The spring was not only used for drinking water, but also for irrigation of gardens in the adjacent Kidron Valley. Gihone spring was also essential in Temple rituals of ancient Jerusalem as it provided what was considered a sacred water used for the purification of body and soul of the visiting pilgrims. 

Gihon Spring also played a significant role in the political life of the City of David. According to Old Testament (I Kings 1:35), when King David got older he began preparing his son Solomon to take over. Since Solomon was still young and inexperienced David made arrangements to stockpile stone, bronze, cedar and iron for the sole purpose of building the temple. That responsibility would fall on Solomon the future king of Israel.

When the time was right David ordered his close aides, Zadok the priest and Nathan the prophet, to saddle the royal mule, place Solomon on it and take him to the sacred Gihon spring and anoint him king. Then they were to blow trumpets and shout aloud “Long lives King Solomon”. Gihon Spring was the place where the coronations of kings of Israel took place.

Jerusalem currently gets its water supply from the area around Rosh Ha-Ain, about 25 miles northwest of the city. Even though Jerusalem’s survival no longer depends on the Gihon Spring, its subterranean tunnels are very popular with tourists. The spring is still considered as sacred by many religious Jews who use it for ritual bath called a mikvah.

 

Hezekiah’s Tunnel

Right after the Assyrian king Sennacherib captured Babylon, destroying the entire city in the process; he has set his sight on conquering Jerusalem. He began with conquering the kingdom of Israel to the north and in the process sending thousands of refugees seeking shelter in the kingdom of Judah and its capital Jerusalem which at the time was under the control of King Hezekiah. For many Israeli tribes it was probably not a big stretch since the memory of Israel as a united nation was still relatively fresh.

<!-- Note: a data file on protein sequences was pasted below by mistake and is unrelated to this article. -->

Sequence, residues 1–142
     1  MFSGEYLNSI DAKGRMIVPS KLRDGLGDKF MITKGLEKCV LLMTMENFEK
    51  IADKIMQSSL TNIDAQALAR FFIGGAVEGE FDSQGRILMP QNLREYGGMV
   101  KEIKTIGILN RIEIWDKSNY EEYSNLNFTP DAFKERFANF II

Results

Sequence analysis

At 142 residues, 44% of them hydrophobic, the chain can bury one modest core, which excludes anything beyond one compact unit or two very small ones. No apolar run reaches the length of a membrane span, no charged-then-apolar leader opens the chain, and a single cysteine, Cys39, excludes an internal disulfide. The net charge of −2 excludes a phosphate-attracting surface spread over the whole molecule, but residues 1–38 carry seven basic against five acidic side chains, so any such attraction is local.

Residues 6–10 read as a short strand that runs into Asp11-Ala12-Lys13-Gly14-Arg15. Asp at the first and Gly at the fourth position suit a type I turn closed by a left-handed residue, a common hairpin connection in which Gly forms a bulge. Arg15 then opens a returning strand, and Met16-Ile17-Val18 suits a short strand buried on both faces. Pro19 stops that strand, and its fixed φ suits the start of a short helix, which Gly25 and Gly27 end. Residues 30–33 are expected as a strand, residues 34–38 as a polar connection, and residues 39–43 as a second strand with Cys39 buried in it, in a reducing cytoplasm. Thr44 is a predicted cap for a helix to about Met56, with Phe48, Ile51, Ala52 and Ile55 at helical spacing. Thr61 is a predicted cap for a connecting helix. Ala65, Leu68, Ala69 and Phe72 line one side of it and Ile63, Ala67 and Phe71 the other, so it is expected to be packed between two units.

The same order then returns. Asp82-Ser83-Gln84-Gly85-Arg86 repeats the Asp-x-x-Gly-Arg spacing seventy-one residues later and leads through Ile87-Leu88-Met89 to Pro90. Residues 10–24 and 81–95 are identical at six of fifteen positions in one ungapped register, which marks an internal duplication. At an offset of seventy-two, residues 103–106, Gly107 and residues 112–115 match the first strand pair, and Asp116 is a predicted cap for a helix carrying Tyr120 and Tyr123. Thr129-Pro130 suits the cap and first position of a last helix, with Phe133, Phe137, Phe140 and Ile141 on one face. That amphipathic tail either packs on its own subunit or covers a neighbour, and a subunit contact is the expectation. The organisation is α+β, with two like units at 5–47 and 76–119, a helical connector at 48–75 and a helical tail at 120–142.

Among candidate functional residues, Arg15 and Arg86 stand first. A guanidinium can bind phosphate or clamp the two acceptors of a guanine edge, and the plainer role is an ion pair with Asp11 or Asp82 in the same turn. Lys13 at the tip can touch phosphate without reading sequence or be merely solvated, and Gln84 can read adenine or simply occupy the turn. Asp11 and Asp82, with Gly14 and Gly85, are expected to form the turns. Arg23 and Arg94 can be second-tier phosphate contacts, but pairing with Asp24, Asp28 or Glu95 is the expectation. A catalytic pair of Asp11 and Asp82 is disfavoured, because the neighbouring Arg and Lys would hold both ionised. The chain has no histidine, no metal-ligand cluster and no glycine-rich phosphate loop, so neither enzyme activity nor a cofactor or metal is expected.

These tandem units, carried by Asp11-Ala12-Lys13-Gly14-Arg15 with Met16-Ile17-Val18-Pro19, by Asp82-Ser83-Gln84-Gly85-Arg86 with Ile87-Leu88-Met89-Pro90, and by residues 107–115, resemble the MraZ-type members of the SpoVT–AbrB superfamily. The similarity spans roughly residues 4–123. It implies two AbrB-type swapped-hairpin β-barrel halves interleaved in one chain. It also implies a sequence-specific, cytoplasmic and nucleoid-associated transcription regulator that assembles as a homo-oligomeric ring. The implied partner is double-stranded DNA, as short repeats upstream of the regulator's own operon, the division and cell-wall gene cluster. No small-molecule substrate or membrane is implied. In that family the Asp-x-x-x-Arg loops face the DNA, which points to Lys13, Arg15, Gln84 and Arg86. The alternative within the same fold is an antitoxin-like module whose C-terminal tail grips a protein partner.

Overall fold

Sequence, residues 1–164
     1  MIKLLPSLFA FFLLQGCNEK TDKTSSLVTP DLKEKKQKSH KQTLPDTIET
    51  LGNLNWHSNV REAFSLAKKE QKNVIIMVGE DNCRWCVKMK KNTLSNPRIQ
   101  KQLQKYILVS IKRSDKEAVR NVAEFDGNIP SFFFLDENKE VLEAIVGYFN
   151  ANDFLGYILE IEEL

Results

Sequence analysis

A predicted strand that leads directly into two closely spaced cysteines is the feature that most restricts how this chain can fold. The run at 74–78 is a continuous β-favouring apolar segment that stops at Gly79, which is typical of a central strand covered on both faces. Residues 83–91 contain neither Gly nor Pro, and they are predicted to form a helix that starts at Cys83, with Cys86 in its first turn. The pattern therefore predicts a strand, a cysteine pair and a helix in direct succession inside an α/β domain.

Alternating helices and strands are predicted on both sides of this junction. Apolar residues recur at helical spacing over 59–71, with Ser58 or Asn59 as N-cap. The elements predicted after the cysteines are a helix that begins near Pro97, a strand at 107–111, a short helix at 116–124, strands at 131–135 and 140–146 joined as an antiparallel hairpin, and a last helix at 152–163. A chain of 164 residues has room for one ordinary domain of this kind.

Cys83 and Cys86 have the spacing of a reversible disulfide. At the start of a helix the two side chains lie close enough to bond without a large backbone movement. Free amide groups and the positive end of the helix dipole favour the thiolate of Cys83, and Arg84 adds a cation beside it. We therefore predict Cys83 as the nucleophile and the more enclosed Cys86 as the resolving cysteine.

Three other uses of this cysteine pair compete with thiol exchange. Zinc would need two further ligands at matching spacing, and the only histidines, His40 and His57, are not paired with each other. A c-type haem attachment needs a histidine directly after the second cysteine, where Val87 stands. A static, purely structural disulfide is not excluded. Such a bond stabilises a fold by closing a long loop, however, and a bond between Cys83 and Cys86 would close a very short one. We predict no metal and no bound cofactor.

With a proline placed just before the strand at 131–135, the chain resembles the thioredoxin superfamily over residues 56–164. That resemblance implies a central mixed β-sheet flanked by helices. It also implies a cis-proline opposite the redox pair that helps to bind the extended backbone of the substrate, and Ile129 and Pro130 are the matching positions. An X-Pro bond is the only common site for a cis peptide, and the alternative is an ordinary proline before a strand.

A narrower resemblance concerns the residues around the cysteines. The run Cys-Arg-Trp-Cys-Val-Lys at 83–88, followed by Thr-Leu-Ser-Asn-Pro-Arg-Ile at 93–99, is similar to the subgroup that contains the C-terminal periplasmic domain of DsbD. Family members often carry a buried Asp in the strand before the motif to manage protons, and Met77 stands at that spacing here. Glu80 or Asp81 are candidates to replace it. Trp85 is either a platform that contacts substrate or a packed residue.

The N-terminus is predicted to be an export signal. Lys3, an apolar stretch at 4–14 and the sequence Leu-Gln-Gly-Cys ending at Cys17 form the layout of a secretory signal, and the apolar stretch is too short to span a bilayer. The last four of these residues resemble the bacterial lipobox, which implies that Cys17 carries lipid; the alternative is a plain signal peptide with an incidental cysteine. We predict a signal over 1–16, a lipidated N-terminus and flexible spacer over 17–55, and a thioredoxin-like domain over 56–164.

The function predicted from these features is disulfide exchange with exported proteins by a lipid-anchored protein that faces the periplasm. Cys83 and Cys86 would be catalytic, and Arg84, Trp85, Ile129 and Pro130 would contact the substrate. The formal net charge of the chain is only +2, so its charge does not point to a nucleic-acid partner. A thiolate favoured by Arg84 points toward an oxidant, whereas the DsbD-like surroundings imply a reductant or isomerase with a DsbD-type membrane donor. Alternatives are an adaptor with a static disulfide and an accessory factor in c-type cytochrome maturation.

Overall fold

When the King Hezekiah learned of the fate befallen on Babylon and Israel, he frantically began to prepare Jerusalem for an inevitable confrontation with Assyrian invaders. In 701B.C. he embarked on the monumental projects of building additional fortifications around Jerusalem and digging a tunnel under the city through the bedrock in order to divert the waters of the Gihon spring in the Kidron Valley to the Pool of Siloam inside the city walls. As noted in Old Testament 2 Chronicles 32:30  "It was Hezekiah, who blocked the upper outlet of the Gihon spring and channeled the water down to the west side of the City of David."

The 1750 foot tunnel was hacked through the rock by two groups of workers connecting the Gihon Spring outside the city with Siloam pool located within the city walls. The tunnel was dug out using the hammers, chisels, axes and bucket brigades. When the two teams met in the middle it meant that water now was flowing into the city and Jerusalem was ready for a confrontation with the Assyrians. When visiting the tunnel one can see the pick marks switch directions where workers met in the middle. The width and height is not symmetrical and widely varies throughout the tunnel.